Praise for City Indian

“A welcome addition to the robust field of studies of Indians in urban places.” – Sherry L. Smith, South Dakota History

City Indian is a most important addition to the literature on Native activism, the history of Indigenous representation, and urban history.” – Coll Thrush, Michigan Historical Review

“Mercifully, the fields of ethnohistory and Native American studies have recently witnessed an important movement of new scholarship on American Indian urbanization in the twentieth century that has begun revising the old narrative in impressive fashion. Rosalyn LaPier and David Beck’s City Indian not only makes an excellent contribution to this emerging trend; it also focusses on the turn of the twentieth century – easily the blurriest period in the history of Indigenous urbanization. Whereas a few recent studies have pushed the narrative of the urban Indian back to this period, this is the first to expand it into monograph length…. [S]cholars of not only the vital and maturing field of Indian urbanization, but also activism, education, labor, and modern Indigeneity, should consult this volume and add a copy to their shelves…. City Indian is a nice companion to Philip Deloria’s Indians in Unexpected Places.”–Douglas K. Miller, Journal of American Studies

“Rosalyn LaPier and David R.M. Beck . . . add to a growing literature on urban Indians’ experiences with their fine monograph City Indian.” – Paul C. Rosier, Anthropos

“[T]his is an enlightening study, that critically but fairly examines the achievements and failings of Indian and white peoples. And one with a message not just for historians, anthropologists, students and others interested in ethnic relationships, along with the history of a major city. But also for writers: clear, strong prose can powerfully convey the most complicated, changing, frustrating of human social, racial, and legal relationships.” – Michael C. Coleman, American Studies in Scandinavia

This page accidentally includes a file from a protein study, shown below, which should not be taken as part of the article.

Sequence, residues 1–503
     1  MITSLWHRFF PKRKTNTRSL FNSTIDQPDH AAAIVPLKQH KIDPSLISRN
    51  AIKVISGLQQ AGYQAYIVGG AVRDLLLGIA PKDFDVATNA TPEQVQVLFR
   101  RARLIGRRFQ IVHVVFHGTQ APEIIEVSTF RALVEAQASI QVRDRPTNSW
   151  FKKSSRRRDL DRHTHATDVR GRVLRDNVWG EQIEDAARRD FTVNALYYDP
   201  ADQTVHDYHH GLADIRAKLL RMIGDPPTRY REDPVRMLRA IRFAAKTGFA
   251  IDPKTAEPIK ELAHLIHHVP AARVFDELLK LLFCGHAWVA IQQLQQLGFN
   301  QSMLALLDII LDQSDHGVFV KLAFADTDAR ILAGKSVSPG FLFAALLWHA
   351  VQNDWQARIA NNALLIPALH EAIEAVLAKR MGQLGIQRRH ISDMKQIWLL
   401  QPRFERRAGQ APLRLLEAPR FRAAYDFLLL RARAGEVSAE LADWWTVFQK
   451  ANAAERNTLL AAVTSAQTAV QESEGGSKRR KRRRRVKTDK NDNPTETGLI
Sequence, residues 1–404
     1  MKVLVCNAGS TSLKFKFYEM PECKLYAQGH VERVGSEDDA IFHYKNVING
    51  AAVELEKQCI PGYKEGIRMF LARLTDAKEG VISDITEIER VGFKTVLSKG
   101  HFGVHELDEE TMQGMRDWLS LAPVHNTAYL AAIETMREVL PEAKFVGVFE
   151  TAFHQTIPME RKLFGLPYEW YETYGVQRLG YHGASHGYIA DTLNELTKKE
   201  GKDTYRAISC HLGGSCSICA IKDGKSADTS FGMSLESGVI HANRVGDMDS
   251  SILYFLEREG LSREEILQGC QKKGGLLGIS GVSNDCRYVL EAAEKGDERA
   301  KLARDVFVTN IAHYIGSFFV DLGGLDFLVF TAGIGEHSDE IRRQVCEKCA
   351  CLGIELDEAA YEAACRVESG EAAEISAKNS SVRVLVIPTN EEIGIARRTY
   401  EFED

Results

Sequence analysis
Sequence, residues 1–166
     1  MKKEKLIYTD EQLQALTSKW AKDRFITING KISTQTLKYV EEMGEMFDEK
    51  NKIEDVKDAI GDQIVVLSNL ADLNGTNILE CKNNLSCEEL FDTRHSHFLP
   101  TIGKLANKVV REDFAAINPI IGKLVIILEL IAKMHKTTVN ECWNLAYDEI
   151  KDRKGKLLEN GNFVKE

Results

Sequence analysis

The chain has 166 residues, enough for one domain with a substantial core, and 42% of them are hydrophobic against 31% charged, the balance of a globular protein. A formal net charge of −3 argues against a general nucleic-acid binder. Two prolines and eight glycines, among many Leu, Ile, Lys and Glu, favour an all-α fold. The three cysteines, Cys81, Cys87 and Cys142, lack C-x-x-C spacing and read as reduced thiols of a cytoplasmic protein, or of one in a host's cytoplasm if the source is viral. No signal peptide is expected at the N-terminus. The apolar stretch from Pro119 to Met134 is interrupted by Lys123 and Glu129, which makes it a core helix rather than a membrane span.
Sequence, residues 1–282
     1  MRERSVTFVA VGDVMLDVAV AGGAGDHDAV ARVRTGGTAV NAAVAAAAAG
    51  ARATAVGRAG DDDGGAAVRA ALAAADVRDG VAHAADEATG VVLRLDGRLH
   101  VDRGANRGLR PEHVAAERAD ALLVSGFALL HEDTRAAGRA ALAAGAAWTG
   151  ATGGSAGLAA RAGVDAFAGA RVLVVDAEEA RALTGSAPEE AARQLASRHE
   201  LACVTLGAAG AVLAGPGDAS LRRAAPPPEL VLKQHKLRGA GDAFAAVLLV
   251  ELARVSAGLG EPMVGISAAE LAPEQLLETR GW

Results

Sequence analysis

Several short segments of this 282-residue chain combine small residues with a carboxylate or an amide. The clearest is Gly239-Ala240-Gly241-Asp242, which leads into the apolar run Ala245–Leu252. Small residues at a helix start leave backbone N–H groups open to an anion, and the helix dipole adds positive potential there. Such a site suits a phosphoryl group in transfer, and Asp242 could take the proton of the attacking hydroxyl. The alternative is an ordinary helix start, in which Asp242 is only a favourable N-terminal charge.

“A substantial contribution to emerging scholarship on Native Americans and cities that provides fresh insight and helps us understand the motivations, strategies, tensions, controversies, and triumphs that have characterized the work and lives of local and national Indian leaders.”—Nicolas G. Rosenthal, author of Reimagining Indian Country: Native American Migration and Identity in Twentieth-Century Los Angeles

City Indian covers an important and timely topic. This history of Indians in urban settings is currently under considerable and probing reconsideration. With this book Rosalyn LaPier and David Beck have shown how Native peoples in Chicago have determined their destinies.”—Brian Hosmer, H. G. Barnard Chair of Western American History and coeditor of Tribal Worlds: Critical Studies in the History of American Indian Nation Building